Simplifying Rails Controllers with named_scopes

January 20, 2010 holman

So named_scope is great. It’s a quick and clear way to share common SQL fragments within your app by defining them in your models. It saves you a lot of repetition: instead of calling Article.find(:all, :order => 'views desc') all over your app, you can define named_scope :popular, :order => 'views desc' in Article, and then call it with Article.popular. There’s a lot of good stuff in it; I encourage you to check the initial edge Rails post from Ryan Daigle for more examples.

One strong benefit of named_scope (or, scope, as it’s been renamed in Rails 3) that wasn’t immediately apparent to me was how much logic you can strip from your controllers this way. Not just logic about which scoped SQL fragment to leverage, but a lot of the logic surrounding how you initially might set up your action before it even gets to your Model queries. This originally stemmed from a discussion with David Kelso over Twitter, where he tweeted about simplifying some common controller code that’s familiar to all of us- something similar to this generalized example:

conditions = ['']

if params[:city].present?
  conditions[0] += "city_name = ?"
  conditions << params[:city]

if params[:state].present?
  conditions[0] += ' AND ' unless conditions.first.blank?
  conditions[0] += 'state_name > ?'
  conditions.push params[:state]

@users = User.find(:all, :conditions => conditions)

In other words, you make a variable to hold your conditions (and maybe other variables for any group_bys or joins) and then conditionally build them up- but only if the user submitted values for those particular fields. There’s certainly some refactoring we can do already (or avoid everything by using the ever-excellent Searchlogic or a more capable Sphinx or Solr backend), but it’s not just a search-specific problem, of course.

Our solution has evolved over time to use a named_scope to handle the conditionals in the model… something which didn’t seem entirely obvious to me in these cases at first. It reduces the controller logic dramatically:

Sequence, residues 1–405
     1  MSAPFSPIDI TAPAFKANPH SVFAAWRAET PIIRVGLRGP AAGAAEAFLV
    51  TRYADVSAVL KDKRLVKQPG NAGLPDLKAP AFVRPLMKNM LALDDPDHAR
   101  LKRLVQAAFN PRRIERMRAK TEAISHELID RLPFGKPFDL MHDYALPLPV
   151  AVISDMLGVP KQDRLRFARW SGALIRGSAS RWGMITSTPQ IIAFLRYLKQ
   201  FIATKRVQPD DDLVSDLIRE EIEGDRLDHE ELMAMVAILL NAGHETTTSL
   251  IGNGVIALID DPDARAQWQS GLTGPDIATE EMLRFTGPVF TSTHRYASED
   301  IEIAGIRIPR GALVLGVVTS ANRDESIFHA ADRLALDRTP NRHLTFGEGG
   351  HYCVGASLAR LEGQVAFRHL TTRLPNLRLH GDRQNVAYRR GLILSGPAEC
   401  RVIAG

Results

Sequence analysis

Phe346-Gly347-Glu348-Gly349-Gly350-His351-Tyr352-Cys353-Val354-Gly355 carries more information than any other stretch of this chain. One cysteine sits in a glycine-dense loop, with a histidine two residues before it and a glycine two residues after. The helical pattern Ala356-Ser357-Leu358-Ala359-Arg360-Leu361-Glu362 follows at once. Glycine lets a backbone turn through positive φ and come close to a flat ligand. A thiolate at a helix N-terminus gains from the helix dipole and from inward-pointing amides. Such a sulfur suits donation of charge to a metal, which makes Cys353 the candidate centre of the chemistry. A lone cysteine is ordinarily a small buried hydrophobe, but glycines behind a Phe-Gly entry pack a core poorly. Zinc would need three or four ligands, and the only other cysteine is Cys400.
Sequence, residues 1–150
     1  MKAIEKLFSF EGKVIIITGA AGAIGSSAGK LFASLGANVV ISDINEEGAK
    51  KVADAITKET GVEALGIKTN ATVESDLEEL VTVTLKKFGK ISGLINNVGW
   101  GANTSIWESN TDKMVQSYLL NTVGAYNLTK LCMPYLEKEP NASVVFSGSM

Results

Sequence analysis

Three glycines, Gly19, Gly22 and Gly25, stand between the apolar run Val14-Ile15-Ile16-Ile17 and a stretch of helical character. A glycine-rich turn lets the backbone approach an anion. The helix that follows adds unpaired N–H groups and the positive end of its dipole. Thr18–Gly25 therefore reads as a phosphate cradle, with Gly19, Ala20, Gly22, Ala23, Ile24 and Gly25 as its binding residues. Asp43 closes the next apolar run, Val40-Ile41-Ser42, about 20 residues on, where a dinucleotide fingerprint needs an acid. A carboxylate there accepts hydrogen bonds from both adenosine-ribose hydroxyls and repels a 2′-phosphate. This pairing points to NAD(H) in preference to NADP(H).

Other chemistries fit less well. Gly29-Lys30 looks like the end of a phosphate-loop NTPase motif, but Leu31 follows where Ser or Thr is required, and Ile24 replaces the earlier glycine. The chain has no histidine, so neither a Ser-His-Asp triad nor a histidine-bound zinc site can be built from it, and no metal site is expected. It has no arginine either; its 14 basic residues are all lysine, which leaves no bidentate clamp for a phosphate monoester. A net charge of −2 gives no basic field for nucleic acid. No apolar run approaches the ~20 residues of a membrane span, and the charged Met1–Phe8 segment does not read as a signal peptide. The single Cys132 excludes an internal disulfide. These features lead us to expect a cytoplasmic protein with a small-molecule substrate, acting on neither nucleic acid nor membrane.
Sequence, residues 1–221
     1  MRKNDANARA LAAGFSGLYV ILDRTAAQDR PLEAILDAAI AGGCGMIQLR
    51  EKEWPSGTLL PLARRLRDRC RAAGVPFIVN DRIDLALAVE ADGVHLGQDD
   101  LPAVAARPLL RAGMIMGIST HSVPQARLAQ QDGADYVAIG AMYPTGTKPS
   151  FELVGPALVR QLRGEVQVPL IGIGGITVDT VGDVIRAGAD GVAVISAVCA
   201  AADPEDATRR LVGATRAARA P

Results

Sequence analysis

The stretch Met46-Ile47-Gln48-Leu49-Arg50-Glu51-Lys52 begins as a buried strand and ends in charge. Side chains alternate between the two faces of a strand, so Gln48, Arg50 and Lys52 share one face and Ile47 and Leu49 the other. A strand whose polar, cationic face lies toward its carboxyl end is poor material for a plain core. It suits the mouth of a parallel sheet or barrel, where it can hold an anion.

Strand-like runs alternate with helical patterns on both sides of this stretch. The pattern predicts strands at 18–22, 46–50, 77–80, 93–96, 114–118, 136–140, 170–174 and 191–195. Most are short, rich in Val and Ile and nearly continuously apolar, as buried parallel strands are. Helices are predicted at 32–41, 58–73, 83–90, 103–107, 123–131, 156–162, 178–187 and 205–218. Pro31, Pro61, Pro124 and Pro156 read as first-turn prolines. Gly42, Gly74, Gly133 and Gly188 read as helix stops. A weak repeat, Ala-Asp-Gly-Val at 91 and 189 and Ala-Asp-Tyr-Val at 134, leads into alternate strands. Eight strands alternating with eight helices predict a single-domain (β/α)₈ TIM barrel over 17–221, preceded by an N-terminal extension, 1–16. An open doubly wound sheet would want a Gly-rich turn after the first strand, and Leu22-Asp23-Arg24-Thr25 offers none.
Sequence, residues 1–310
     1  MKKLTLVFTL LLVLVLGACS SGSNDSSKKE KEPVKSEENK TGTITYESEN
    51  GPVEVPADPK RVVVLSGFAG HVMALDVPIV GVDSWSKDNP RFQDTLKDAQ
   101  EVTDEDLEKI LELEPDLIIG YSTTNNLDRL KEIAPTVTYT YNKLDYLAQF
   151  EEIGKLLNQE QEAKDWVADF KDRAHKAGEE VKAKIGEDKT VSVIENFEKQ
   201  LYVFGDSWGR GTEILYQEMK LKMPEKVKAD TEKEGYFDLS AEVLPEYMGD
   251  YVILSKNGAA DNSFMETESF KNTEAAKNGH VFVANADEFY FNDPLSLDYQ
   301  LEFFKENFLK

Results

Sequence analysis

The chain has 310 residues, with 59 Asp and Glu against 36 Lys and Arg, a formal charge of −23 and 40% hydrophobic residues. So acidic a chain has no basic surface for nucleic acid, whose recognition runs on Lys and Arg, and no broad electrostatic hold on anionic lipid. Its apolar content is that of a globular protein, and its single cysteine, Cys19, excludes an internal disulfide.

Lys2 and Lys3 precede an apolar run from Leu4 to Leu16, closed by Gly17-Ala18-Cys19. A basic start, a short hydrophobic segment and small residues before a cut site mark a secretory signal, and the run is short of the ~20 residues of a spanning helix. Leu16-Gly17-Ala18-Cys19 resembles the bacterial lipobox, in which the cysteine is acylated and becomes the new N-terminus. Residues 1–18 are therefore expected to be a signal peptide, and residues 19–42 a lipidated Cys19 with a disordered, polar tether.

@users = User.with_city(params[:city]).with_state(params[:state])

…with named_scopes defined as:

named_scope :with_city, lambda {|city| city.present? ? {:conditions => {:city_name => city} : {}}
named_scope :with_state, lambda {|state| state.present? ? {:conditions => {:state_name => state} : {}}

This results in a far more readable controller, and, more importantly, you can reuse this all over the place now. The conditionals have been tucked away in lambdas in the model. If the passed-in argument isn’t blank, the argument is forwarded as a condition; otherwise a blank hash is forwarded on. (Note: if you’re using lambdas in named_scopes, you must ensure you’re returning a hash, otherwise you’ll explode a bit on some funky curly brace errors).

In other words, User.with_city(nil) or User.with_city('') will generate User.find(:all, :conditions => {}), returning all records. It might seem a little counter-intuitive at first, but we tend to look at it as asking, “Hey, give me all of the users with this particular city that I’m not going to tell you about”, in which case it makes a bit more sense when it replies “Well, if you’re not going to be specific, here’s all of them”. The other hidden benefit is that this is all much easier to test; the less controller tests the better, in my humble and lazy opinion.